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12 June 2018, Vol 34, No 1722

wrap it Peppatree DESIGN & PRINT

Ph 06 385 9320 45 Clyde St, Ohakune.

Block bloke visits old school P2

P: 06 385 8532 E: ads@ruapehubulletin.co.nz

RDC listens, says mayor P3

Early snow good for all: RAL P3

Karakia marks snow start P5

College’s etc tops with the people

Ruapehu College’s four-piece band “etc” has won the people’s choice award at this year’s regional Smokefreerockquest final at the Opera House on Saturday night. Their music teacher, Dave Simms, said that the win, by votes online and at the show, shows who the public most want to see at the Nationals. “This gives them the chance to submit video for the Finals in the same way that 1st and 2nd place do,” said Mr Sims. The band has 21 days to film their songs and upload them for consideration. They must perform live in a single camera shot. The group started last year – with Ryan Burton, Kate Rowe and Nazomi Groot – to compete at Rockquest 2017. When they were asked to perform their Rockquest song “Maze” at Junior Prizegiving, the group wanted to add bass guitar to the sound and they asked Mackenzie Charlton to join the group. Asked about their genre, Mackenzie said “we all have so many different influences and somehow we can make it work together”. “We don’t really have a genre, for Rockquest we tried to make it a bit epic – but we are all so different, I don’t think you could say what genre we are from just one song.” “Ryan loves Death Core and Heavy Metal, yet Mackenzie enjoys really funky, ‘different’ bass lines,”

Ruapehu’s rock quest band ‘etc’ won the people’s choice award on Saturday night. Photo: Marama Groot.

Turn to Page 8

Raetihi ponds too pretty: no to daffodils Raetihi’s sewerage settling ponds and shouldn’t be made any more attractive – that seems to be the problem with a proposal to plant daffodils in front of the ponds. Donna Journeaux, from Raetihi Promotions is angry that her idea to plant daffodils at the ponds has been rejected. She said she had been encouraged to present to the Waiouru Waimarino Community Board to seek permission for the plan. Having been rejected, she is now stuck with 2000 daffodil bulbs that needed to be planted soon. She had arranged for a working bee to plant the bulbs on Sunday. Board members were enthusiastic about the idea but accepted the advice from RDC environmental manager Anne-Marie Westcott that the planting was inappropriate at the ponds. They asked Mrs Journeaux to meet with Board members on-site to look at alternative sites. Mrs Journeaux told the Bulletin that she would meet with the Board members but was dismayed by the decision on the ponds and wondered if she would have to prepare another proposal, that could also fail.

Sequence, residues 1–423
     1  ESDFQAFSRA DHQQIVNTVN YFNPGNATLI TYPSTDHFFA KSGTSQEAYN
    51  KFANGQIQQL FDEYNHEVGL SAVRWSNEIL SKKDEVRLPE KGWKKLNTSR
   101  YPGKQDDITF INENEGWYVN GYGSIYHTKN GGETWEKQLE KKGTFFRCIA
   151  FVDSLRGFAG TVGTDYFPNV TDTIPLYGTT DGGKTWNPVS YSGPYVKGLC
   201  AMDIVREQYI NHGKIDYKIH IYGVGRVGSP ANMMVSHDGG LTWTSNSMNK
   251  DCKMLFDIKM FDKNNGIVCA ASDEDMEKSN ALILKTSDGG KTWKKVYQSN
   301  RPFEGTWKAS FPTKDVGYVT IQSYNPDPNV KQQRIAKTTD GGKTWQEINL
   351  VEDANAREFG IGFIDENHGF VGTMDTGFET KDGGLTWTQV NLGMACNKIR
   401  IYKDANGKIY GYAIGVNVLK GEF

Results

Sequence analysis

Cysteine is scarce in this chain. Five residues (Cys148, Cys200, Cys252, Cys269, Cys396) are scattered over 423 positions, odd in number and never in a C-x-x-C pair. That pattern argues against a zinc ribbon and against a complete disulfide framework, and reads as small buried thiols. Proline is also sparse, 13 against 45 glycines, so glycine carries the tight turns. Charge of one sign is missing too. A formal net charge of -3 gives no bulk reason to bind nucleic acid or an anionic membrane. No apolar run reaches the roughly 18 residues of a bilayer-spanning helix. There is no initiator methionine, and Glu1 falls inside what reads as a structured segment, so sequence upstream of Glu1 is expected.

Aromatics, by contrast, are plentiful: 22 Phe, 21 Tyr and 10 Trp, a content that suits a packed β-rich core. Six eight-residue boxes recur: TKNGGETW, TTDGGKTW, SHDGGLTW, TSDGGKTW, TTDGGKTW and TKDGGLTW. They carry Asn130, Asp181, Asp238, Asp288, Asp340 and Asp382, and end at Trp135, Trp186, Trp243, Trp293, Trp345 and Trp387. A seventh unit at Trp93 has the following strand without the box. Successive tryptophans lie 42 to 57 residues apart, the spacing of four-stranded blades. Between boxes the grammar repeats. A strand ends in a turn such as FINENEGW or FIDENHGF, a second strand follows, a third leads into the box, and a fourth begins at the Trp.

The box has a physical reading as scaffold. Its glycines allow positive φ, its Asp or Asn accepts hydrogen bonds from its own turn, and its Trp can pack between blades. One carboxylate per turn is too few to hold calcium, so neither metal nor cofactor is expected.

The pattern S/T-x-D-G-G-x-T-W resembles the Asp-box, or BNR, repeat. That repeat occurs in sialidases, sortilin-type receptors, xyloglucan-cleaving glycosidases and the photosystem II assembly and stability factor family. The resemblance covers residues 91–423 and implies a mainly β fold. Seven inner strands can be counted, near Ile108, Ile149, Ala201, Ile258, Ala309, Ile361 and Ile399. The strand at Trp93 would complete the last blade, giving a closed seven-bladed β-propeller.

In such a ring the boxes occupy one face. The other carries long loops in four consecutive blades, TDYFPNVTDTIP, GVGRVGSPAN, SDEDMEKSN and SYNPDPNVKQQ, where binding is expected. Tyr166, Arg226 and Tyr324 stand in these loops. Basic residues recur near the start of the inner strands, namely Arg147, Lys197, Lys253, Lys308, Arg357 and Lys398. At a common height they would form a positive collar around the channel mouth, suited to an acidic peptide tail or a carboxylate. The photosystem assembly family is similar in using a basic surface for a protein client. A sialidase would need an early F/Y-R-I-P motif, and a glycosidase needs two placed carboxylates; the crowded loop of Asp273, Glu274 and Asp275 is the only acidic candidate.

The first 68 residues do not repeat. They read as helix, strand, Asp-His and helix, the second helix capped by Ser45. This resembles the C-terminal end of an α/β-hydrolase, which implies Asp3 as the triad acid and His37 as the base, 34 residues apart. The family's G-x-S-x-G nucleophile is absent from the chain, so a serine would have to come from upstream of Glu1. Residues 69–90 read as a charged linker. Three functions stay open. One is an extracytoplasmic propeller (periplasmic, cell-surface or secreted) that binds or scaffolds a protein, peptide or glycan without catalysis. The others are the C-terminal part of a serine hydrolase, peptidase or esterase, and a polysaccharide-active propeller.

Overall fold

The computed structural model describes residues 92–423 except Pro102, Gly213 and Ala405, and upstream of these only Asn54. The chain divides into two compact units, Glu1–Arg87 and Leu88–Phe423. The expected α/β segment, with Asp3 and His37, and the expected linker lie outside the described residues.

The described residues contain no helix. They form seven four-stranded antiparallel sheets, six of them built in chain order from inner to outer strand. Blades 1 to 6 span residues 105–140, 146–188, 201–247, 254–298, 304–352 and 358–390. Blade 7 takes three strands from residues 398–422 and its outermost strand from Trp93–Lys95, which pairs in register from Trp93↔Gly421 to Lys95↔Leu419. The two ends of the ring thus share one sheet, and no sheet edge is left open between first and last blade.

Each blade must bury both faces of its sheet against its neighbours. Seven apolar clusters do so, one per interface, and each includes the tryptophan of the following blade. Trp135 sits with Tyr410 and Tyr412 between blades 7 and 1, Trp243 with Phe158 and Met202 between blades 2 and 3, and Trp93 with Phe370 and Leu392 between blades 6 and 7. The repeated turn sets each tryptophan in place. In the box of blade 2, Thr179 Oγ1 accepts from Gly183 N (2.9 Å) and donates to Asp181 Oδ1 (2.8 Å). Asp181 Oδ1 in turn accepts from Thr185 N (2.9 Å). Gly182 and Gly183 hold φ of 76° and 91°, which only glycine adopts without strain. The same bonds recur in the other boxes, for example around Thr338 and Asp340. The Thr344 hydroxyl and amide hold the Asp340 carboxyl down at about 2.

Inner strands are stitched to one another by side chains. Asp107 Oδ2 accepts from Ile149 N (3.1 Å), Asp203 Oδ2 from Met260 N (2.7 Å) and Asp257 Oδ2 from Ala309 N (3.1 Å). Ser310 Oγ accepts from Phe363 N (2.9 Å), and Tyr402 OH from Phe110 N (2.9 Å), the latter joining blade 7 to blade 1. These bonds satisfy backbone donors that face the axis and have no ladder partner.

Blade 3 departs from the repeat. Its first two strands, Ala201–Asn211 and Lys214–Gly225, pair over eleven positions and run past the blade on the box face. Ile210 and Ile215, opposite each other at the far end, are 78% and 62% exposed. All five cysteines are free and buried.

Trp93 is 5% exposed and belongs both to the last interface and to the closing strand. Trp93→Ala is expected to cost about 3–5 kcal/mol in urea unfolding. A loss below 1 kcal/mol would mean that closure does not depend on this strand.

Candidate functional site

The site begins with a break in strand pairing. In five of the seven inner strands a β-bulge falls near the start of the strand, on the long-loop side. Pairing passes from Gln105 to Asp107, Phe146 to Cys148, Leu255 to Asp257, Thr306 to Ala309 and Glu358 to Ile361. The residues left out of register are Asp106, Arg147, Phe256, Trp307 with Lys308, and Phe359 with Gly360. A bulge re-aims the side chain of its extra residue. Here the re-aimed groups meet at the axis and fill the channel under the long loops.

“If I did present my (new) proposal to Council would it still be rejected?” she has asked Ruapehu mayor Don Cameron. “I am very disappointed and upset regarding this matter and it is very unfortunate that I have spent a lot of time trying to enhance and beautify Raetihi, gather support from businesses and the community only to have the project rejected.” Ms Westcott told the Board in her report on the proposal that the Wastewater Treatment Plant is “considered a hazardous worksite designed for the collection of wastewater in an active state (bacteria and viruses) and treats the wastewater before it is discharged into the environment”. “There is the possibility for aerosols being generated onsite which (potentially) places members of the public at risk.” Ms Westcott said that the RDC’s contractors were reluctant to see the planting. “As this is a Wastewater Treatment Plant it is considered that this site is contaminated and as such we would not allow public to work on the site without proper inductions and vaccinations,” wrote Wayne Termaat from Veolia.

“Doing work on this site without the proper precautions would be of high risk to the person, Veolia and RDC.” “There have been historic cases where we needed to remove people from the site as they did not realize it was a wastewater treatment plant” Ms Westcott also said that upgrades are being